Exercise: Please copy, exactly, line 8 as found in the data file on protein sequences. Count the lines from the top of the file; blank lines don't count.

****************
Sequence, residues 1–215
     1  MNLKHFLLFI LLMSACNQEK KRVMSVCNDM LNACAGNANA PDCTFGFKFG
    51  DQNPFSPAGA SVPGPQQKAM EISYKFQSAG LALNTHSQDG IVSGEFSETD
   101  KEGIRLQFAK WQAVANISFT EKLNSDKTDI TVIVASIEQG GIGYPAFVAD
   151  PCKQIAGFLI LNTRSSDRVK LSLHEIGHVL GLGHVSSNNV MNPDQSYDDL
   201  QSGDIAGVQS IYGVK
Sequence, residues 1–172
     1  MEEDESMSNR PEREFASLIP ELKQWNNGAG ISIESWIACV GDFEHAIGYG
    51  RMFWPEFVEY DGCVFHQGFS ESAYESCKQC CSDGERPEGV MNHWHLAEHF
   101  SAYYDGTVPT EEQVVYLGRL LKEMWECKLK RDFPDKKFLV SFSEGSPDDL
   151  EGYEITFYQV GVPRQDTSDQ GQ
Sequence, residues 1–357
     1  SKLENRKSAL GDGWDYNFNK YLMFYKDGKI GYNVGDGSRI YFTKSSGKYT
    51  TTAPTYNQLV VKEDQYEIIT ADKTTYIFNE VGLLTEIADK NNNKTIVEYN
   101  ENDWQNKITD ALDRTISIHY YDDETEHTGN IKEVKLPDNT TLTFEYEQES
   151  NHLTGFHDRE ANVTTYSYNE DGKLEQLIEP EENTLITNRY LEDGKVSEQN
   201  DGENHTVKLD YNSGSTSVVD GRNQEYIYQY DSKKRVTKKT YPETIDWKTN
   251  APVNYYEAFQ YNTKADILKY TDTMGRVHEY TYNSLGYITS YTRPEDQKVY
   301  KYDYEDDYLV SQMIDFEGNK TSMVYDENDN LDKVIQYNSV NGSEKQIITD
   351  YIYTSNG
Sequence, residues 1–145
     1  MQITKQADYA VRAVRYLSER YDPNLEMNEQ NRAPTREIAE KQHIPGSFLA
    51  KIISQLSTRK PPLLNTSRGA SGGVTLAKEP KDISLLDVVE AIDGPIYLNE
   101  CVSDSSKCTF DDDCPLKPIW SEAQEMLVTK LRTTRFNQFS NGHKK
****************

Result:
     1  MEEDESMSNR PEREFASLIP ELKQWNNGAG ISIESWIACV GDFEHAIGYG